Kinky Fruits: Making Art with Needle, Thread, Pins and Produce - Modern Farmer

Kinky Fruits: Making Art with Needle, Thread, Pins and Produce

Photographer Lindsay Blatt makes art out of fruit, and thread.

Modern Farmer: What exactly are you doing with the food we see?

Lindsay Blatt: I was learning to use a light table, which is how these are taken, shining light through the bottom and off the object from above, using a 4×5 camera and negative film. The first iteration was looking at it more as X-ray photography: slicing things really thin, blasting a bunch of light through it and seeing the inside of the food. Like grapes, strawberries, Kiwi skin, and stuff like that. From there, I thought about the idea of putting something back together. Damaging it, or something that was damaged, and then mending it. That is how it morphed into the series it became, looking at this concept of how objects and people can be damaged but also healed as well.

MF: You named the project “My Sentiments Almost Exactly.” What was the thinking behind naming it that?

LB: It has something to do with conversationally when people say “That is exactly what I was thinking” or “That’s exactly what I was trying to say.” You can’t ever be in someone else’s head and know exactly what they are trying to say or mean. So this is as close as I could possibly say.

MF: What did you do with the food after?

LB: Once it has been under the light for awhile and split open and in a grubby school photo studio, I don’t think I ate it. It was pre-days of me being a composter. So I think they got trashed. I ate the ones I couldn’t just buy one of.

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MF: So, what are we looking at here?

LB: That is an aloe plant. This in particular gets to the idea behind the project, because aloe is used for healing and is medicinal. It’s like when you were in high school and you would dissect something and peer into it.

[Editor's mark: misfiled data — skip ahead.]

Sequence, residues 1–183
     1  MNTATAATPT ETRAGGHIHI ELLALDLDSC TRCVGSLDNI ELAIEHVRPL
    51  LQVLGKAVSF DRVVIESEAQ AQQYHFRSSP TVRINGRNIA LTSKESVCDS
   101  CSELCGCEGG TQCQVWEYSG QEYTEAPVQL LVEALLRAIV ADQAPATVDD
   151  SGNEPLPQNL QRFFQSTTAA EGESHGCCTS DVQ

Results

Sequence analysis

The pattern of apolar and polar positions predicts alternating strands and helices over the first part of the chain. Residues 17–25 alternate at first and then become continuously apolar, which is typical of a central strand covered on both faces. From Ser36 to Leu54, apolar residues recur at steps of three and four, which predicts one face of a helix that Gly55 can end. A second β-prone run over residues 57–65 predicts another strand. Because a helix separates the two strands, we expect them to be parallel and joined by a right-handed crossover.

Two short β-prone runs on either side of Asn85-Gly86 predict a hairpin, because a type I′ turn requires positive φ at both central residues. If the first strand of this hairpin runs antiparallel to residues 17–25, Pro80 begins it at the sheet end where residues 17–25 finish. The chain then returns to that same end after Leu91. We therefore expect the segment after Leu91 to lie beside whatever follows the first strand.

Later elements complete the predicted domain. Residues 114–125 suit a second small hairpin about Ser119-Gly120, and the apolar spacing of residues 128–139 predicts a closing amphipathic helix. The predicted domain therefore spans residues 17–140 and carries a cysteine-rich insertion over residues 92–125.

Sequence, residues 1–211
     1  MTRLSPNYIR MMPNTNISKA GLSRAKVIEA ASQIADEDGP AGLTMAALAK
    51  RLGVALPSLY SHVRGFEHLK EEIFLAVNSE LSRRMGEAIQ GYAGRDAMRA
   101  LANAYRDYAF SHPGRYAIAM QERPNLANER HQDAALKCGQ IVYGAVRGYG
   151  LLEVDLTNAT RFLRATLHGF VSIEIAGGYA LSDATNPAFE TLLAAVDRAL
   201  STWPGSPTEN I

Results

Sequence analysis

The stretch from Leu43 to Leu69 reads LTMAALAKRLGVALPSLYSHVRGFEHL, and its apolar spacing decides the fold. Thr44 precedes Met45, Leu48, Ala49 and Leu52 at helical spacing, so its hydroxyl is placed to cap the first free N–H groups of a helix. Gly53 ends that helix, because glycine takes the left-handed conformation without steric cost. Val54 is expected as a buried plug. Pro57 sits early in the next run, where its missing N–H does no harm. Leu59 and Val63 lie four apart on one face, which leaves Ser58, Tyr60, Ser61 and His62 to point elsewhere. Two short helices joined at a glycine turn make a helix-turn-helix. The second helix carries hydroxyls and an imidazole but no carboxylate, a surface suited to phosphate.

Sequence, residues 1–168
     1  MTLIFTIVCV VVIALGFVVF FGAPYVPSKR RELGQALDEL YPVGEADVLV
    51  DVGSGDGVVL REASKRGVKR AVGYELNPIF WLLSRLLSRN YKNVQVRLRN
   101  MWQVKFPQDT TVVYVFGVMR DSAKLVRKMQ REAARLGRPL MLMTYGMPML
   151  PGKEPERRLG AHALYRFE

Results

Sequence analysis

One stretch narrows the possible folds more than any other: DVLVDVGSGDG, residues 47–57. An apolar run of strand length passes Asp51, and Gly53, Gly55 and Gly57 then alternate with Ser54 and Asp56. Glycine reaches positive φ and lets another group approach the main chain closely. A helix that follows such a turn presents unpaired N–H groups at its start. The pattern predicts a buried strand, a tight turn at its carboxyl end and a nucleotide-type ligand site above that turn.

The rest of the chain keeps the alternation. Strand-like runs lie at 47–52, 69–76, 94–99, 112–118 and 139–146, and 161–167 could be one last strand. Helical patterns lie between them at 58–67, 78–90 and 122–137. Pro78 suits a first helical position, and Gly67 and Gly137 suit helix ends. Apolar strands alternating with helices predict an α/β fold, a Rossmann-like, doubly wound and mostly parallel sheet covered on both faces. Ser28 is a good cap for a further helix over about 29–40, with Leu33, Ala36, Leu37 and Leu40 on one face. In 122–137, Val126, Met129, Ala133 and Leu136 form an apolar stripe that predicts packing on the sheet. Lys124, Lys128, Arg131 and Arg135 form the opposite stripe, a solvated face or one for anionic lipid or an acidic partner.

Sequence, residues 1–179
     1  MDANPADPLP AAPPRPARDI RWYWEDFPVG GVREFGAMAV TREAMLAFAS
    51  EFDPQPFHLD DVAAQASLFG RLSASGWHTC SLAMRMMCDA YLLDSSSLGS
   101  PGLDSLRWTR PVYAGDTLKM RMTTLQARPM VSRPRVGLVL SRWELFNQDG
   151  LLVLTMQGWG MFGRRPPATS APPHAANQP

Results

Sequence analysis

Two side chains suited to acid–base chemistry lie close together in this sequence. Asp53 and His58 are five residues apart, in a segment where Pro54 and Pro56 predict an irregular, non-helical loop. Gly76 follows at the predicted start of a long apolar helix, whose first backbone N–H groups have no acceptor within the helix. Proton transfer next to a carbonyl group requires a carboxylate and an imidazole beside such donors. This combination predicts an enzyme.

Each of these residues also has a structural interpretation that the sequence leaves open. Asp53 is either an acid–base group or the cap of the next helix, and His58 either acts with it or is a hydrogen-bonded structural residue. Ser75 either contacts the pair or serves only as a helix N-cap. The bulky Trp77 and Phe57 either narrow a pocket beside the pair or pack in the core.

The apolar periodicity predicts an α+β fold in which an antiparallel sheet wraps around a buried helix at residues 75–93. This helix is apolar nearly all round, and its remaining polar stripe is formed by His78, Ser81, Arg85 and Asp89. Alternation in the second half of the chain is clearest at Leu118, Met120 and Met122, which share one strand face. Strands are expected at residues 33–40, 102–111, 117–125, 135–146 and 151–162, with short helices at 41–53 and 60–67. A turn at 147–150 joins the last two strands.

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LB: That is a type of fruit called a “Beautiful Monster” and I think it is from Central or South America. I had never seen that before. Being in New York, there are all these markets and you can find all these kinds of things that aren’t what you grew up with necessarily. That was something I found and thought of as a really beautiful object. Again it was dissecting something, breaking it apart without completely destroying it.

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MF: This one looks like a piece of blood orange.

LB: Yep. That one has so many visceral qualities that some of the other ones don’t have. The decision to use thread versus pins came about based on the material and the form the plants take.

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LB: This is a fiddlehead fern and it’s edible. I think there is something about them that you can’t just go and pick them and eat them. [Ed Note: Some varieties of fiddleheads have been found to have carcinogens in them.]

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MF: This is two slices of kiwi?

LB: Yeah. That one is more the open book view of something. It’s a familiar thing to most people, but then there’s the idea of re-assembling it.